All images © Nick Moir
Last Day On Earth
Moir’s passion is capturing the dramatic environmental phenomena of Australia, from its ragged lightning and dust storms and blackening bushfires to the devastating effects of climate change.
Born in 1975, he lives in Sydney and works for The Sydney Morning Herald. "I grew up mainly in Sydney’s Blue Mountains, where storms and bushfires are a regular feature. And that had a big impact on me. Plus, my father’s an editorial cartoonist, so art and journalism was always a feature of my life growing up. But, as far as going into storms and bushfires, growing up in the blue mountains had a big impact. My passion is capturing the dramatic environmental phenomena of Australia, from its ragged lightning and dust storms and blackening bushfires to the devastating effects of climate change. Day to day I’m doing news, politics, crime, and anything else but really my main love is to get out to witness storms and fires when they’re at their most ferocious or most amazing. For me the most exciting part is that you might be the only person who photographs a storm. Some of these storms may only live for a couple of hours and they won’t exist anymore.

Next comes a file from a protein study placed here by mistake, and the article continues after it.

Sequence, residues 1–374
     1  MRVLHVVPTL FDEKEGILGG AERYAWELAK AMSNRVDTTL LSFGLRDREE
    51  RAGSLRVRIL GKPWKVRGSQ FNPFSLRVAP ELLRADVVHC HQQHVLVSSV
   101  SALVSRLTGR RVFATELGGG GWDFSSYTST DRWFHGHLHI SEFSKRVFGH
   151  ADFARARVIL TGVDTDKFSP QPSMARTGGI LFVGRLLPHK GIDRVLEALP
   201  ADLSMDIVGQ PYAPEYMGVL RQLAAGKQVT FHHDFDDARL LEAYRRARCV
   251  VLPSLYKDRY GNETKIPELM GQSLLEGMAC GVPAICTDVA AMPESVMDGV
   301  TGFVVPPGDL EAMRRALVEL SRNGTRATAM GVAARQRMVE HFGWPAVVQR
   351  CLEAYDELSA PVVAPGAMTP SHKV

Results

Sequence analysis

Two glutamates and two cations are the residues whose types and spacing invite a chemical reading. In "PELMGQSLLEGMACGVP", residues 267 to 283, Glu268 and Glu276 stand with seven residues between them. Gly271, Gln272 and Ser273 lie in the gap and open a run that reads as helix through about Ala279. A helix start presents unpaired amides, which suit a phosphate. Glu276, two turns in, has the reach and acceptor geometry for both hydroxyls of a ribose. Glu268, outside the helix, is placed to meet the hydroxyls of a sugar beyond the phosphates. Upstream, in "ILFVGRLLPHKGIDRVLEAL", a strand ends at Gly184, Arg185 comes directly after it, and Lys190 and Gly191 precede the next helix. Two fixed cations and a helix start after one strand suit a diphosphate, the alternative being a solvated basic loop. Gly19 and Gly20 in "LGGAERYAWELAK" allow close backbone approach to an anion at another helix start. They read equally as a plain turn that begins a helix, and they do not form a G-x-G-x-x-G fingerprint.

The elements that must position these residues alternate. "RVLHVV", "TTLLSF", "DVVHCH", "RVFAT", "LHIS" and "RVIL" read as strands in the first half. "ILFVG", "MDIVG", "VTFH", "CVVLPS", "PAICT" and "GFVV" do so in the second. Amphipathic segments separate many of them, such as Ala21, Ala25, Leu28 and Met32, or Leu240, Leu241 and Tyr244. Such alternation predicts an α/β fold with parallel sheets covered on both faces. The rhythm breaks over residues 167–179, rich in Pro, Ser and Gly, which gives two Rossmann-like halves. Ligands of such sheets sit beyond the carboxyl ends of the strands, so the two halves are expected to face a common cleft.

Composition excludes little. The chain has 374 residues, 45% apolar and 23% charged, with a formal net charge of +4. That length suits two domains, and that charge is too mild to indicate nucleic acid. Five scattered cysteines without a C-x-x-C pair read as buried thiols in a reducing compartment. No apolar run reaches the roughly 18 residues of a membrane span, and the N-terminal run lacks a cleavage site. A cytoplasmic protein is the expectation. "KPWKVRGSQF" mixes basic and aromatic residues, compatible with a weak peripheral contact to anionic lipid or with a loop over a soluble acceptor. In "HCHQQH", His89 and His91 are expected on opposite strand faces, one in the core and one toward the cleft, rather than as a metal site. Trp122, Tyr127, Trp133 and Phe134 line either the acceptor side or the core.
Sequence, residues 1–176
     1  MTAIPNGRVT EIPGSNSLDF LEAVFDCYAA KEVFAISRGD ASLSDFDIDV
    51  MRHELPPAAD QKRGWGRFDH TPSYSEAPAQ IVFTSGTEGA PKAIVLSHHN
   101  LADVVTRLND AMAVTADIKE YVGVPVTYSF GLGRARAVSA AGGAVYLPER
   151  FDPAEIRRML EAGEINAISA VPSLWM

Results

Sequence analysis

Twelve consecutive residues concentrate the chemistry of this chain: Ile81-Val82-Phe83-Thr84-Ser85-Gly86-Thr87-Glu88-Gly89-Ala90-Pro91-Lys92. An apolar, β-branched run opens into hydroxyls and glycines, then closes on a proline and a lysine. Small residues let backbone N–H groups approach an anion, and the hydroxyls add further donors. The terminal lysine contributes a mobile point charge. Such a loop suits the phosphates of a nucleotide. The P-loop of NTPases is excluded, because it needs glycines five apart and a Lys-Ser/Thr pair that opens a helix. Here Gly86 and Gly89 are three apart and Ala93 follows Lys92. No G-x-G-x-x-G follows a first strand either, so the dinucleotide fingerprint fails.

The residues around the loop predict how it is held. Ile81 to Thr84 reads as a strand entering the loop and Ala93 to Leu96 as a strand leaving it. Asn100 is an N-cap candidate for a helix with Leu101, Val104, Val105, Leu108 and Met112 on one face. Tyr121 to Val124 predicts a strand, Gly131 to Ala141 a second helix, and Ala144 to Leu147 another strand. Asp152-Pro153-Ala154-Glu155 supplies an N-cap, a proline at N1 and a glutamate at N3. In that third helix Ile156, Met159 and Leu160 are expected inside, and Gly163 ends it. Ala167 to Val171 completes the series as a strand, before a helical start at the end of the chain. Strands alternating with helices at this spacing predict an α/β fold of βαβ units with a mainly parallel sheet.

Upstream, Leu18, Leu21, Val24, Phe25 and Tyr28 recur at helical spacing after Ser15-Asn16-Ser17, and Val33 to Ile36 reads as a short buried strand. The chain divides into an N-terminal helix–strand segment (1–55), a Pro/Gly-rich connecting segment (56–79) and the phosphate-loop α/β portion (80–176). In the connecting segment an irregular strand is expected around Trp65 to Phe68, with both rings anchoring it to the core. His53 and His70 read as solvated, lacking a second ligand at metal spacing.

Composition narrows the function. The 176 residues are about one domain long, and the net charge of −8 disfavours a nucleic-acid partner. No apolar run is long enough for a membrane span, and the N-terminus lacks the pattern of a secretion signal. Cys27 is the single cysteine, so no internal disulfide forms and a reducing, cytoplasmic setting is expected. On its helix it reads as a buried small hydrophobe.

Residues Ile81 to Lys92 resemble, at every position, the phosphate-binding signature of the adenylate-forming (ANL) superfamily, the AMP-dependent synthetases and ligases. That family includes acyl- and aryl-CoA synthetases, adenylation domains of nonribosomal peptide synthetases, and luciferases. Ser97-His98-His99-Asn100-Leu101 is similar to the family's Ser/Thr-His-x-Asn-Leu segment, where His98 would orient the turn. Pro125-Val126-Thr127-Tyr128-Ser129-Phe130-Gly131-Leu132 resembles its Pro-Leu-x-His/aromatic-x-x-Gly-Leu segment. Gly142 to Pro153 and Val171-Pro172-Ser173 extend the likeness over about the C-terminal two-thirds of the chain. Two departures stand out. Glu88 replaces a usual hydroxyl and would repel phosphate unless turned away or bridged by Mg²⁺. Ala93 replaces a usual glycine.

Photographing them at their most exciting and organised is really awe-inspiring. It makes you feel very small, but it’s also quite an achievement to get into the right position and the right time to witness them when they’re at their best. In Australia, you can be so remote that sometime there may be very few people who actually see a storm."
He received a World Press Photo award for coverage of the destructive 2002-03 bushfire season and Australian Press Photographer of the Year in 2002 for a series on Sydney’s severe weather. Moir recently completed his photo essay, Last Day on Earth, a look at the massive storms of America’s Tornado Alley. In 2009 he was named International Environmental Photographer of the Year in the Changing Climates category, an annual prize of the University of Westminster, for his image Microburst and Dust Storm.